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De- coupling interannual variations of vertical dust extinction over the Taklimakan Desert during 2007–2016 using CALIOP

Nan, Yang, Wang, Yuxuan
The Science of the total environment 2018 v.633 pp. 608-617
aerosols, altitude, climate, dust, sea level, spring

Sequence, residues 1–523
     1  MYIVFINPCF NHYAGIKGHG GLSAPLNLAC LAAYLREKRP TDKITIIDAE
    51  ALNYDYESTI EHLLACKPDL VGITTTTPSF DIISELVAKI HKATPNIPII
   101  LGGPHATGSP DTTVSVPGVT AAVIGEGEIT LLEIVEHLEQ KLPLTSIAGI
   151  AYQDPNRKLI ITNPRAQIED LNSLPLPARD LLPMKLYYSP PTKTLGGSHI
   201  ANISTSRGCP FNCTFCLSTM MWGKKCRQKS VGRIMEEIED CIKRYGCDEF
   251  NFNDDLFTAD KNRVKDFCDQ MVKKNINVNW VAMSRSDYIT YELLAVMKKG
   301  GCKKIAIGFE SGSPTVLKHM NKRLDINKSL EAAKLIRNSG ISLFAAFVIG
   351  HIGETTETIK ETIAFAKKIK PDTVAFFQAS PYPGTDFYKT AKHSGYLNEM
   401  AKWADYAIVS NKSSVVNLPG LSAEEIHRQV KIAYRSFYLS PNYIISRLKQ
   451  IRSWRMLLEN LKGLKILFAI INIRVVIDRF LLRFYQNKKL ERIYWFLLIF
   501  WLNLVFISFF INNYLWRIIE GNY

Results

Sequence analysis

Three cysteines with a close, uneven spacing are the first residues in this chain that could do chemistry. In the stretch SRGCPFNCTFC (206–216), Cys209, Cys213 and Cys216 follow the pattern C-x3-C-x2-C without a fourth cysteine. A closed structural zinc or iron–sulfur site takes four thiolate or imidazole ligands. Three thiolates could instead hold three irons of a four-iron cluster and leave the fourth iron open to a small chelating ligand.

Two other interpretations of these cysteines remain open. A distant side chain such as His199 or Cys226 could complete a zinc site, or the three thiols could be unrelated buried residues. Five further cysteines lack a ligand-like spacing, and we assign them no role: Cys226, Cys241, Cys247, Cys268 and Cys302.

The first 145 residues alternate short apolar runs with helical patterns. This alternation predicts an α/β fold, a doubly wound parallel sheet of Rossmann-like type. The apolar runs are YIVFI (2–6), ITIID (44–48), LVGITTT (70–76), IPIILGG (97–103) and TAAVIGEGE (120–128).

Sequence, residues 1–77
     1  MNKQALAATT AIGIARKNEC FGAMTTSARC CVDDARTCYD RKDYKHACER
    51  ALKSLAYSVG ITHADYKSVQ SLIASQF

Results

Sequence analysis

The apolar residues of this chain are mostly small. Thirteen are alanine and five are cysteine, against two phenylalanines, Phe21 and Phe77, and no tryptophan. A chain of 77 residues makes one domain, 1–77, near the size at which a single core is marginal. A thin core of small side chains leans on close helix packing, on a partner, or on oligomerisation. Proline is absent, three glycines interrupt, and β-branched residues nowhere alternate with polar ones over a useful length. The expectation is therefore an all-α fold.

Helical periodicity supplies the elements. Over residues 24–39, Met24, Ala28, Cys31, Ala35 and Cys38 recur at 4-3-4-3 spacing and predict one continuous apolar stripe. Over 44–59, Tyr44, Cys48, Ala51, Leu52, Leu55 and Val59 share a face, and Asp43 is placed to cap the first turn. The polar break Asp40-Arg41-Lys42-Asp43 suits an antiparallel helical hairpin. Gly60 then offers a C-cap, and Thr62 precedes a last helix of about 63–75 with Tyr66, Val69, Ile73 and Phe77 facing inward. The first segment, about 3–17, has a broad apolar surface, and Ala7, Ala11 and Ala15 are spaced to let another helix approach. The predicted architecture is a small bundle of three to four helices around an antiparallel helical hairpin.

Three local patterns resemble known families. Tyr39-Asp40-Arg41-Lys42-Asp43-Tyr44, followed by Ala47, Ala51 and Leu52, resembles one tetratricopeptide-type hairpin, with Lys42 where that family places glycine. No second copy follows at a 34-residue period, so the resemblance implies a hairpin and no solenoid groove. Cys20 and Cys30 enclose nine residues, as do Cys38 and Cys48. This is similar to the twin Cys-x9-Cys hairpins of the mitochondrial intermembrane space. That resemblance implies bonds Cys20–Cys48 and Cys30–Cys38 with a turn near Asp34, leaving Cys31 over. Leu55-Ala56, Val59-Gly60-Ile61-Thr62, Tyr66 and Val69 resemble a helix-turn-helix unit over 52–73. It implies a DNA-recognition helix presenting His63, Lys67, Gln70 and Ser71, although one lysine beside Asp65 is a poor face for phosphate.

During the springtime, mineral dust from the Taklimakan Desert (TD) is lifted up to high altitudes and transported long distances by the westerlies. The vertical distributions of Taklimakan dust are important for both long-range transport and climate effects. In this study, we use CALIOP Level 3 dust extinction to describe interannual variation of dust extinction in TD aggregated at each 1km interval (1–2km, 2–3km, 3–4km, 4–5km and 5–6km) above mean sea level during springtime from 2007 to 2016. 87% of dust extinction over TD is concentrated at 1–4km taking a major composition of dust aerosol optical depth (AOD) and only 8.1% dust AOD is at 4–6km. Interannual variation of seasonal and monthly dust extinction at 1–4km is almost as same as dust AOD (R>0.99) but different from that at 4–6km (R are around 0.42). Our analysis provides observational evidence from CALIOP that vertical dust extinction over TD has distinctively different variability below and above 4km altitude and this threshold divides dust transport in TD into two systems. Taklimakan dust aerosols are more related to dust transport at high altitudes (4–10km) than low altitudes (0–4km) over downwind regions. High dust extinction below 4km over TD is necessary but not sufficient conditions to ensure dust transport easterly, while high dust extinction levels at 4–6km over TD are both necessary and sufficient conditions; such contrast leads to the de-coupled interannual variability seen by CALIOP.